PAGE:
Craig McKeough steps into a series of unsettling and chilling worlds in neighbouring exhibitions by Merrick Belyea and Brad Rimmer at Art Collective WA, and Jacobus Capone at Moore Contemporary.
“Even in Arcadia, There Am I”, Merrick Belyea and “Nocturne”, Brad Rimmer ·
Art Collective WA ·
“Piteraq”, Jacobus Capone ·
Moore Contemporary ·
Merrick Belyea’s dramatic landscapes of locations around Perth possess a terrible beauty that is as unsettling as it is compelling.
These oil on board paintings in the Perth artist’s latest show “Even in Arcadia, There Am I” suggest something of the classic rugged grandeur of the Australian bush, but at the same time there is an overriding sense that all is not well.
The darkness of most of the landscapes and the stark red hues that dominate them combine to evoke a sense of heat, fire and looming destruction. It seems that Arcadia — the ancient Greek ideal of a wilderness unspoilt by humans — is not safe. In fact it is in peril.
Environmental issues have long driven Belyea’s work, and this collection brings those concerns closer to home. Images of local landscapes — Nanga Brook, Clontarf Hill, Ashfield Flats, Woodman Point, Gabbadah and Moore River among them — all carry an unmistakable signature of alarm.
At first glance there is a sameness about the works — the repetition of theme, colour and mark is hard to miss. But they reward much closer inspection as the distinct identity of each emerges. Belyea’s strong physical intervention on the surface of the board during the painting process, and his confident, vigorous mark making, give each work a unique stamp.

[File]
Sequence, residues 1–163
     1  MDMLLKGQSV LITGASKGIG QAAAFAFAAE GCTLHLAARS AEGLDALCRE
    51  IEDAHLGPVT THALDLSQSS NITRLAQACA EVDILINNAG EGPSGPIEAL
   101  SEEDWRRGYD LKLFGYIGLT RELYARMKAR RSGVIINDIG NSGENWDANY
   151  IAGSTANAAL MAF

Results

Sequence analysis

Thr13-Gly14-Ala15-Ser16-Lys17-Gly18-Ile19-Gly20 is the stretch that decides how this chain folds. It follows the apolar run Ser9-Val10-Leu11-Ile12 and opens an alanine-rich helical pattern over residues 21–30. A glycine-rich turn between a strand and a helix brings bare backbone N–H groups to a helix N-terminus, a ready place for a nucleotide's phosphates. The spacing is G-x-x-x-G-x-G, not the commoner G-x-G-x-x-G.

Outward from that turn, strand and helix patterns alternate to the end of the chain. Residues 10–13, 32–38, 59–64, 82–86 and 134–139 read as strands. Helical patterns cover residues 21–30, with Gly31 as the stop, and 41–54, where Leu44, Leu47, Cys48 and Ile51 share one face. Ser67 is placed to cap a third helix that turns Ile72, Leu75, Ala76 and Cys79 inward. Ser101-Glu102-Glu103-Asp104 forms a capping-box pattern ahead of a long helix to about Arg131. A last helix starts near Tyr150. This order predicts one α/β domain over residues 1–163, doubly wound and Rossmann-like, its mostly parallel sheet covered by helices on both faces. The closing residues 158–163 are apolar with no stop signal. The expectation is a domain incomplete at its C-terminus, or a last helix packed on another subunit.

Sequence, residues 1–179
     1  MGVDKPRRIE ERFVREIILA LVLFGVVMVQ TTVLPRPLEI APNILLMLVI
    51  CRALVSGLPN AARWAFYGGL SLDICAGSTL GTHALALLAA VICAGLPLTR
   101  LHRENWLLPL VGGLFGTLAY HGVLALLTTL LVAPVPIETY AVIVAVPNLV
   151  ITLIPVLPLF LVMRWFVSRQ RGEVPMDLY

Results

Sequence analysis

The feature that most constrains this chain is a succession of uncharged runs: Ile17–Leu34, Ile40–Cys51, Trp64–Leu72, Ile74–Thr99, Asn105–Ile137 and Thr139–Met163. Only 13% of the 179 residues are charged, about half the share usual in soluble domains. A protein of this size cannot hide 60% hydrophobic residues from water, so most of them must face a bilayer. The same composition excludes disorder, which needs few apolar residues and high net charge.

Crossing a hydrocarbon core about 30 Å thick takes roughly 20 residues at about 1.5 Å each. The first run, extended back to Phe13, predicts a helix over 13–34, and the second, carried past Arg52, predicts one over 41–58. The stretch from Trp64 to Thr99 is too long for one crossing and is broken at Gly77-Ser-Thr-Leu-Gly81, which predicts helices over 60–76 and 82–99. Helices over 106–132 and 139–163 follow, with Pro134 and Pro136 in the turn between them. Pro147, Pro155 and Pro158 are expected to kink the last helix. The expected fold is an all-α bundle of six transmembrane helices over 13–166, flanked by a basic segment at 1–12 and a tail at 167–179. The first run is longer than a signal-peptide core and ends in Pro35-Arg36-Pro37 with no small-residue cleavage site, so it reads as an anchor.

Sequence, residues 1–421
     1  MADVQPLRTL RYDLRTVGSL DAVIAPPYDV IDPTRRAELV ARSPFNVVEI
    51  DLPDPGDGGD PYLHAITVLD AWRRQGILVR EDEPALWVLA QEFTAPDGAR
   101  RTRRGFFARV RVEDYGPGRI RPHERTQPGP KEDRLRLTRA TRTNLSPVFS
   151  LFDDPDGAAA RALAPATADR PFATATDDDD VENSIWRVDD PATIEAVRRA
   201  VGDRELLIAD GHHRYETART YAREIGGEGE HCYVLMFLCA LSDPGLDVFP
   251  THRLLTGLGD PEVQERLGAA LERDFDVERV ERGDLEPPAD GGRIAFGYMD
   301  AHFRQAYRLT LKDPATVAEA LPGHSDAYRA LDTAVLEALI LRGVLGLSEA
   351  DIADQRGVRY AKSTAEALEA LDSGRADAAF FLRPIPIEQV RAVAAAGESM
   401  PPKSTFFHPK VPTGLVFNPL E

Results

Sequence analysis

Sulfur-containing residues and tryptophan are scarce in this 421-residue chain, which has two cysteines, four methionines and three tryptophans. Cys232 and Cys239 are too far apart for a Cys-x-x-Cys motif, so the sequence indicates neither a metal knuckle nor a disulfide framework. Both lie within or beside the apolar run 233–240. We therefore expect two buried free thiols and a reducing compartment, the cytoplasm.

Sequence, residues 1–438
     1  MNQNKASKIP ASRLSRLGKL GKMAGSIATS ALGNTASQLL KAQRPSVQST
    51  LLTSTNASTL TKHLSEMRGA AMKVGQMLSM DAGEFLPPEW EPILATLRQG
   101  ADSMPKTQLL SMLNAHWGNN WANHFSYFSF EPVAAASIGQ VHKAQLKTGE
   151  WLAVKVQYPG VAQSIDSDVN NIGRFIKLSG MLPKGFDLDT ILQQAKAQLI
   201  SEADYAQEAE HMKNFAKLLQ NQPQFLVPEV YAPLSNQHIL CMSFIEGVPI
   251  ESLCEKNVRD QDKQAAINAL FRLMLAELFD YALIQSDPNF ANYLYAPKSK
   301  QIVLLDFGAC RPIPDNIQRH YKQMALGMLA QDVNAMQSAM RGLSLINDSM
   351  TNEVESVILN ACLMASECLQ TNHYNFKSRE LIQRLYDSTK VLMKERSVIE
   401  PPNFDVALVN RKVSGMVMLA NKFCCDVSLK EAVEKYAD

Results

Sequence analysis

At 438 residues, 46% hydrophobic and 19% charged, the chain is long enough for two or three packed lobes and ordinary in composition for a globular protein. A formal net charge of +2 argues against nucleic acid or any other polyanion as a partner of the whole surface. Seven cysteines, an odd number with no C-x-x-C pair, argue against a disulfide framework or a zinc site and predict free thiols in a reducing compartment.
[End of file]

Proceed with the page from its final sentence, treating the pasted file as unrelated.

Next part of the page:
Belyea is sharing what he has learnt about these landscapes and what that means for our place within them. The message is delivered powerfully and eloquently.
Belyea shares the Art Collective space with “Nocturne”, a small collection of Brad Rimmer photographs which also carry a strong sense of landscape. In this case they show a place far from home — perhaps somewhere even further away than the European mountain scenes they depict.
The photographs are the result of Rimmer’s residency in Basel, Switzerland, and the Swiss Alps are the stars.
There’s no doubting the striking nature of these alien-like images, with their strong contrasting lines and sheer planes juxtaposed with the ethereal tangles of trees. The altered colours in these near monotone photographs, taken by moonlight as the exhibition title suggests, just add to their otherworldliness. But it also seems to distance them from the viewer. They are technically brilliant and fascinating to look at, but the images are ice cold, much like their subject matter.
The photos feature in Rimmer’s latest book, Don’t Look Down, available through Art Collective WA.
The current exhibition at Art Collective’s Cathedral Square neighbour Moore Contemporary has a pleasing synergy with the Belyea and Rimmer shows.
“Piteraq”, a combination of a video presentation and small paintings by Perth artist Jacobus Capone, had its genesis during a month in residence in winter on the island of Upernavik, above the Arctic Circle in Greenland. You can almost feel the chill from the flurries of snow in the video which features a lone figure traversing the pure white landscape in a slowly mesmerising, but ultimately pointless, promenade.
Capone’s paintings, produced during extended periods when conditions were too bleak to venture outside, were created on black sugar paper using black gouache mixed with melted sea ice. Yes, they’re dark — a fitting representation of the landscape closing in on the artist. The intricate images depict the string games he was trying to teach himself during the long, cold periods confined to his small cabin.
It was something of a relief to step outside into the relative warmth of a Djilba day in Perth.
Pictured top is Brad Rimmer’s ‘Nocturne Eiger Glacier 1’, 2017-2020, archival digital print, 75 x 100cm, ed. 3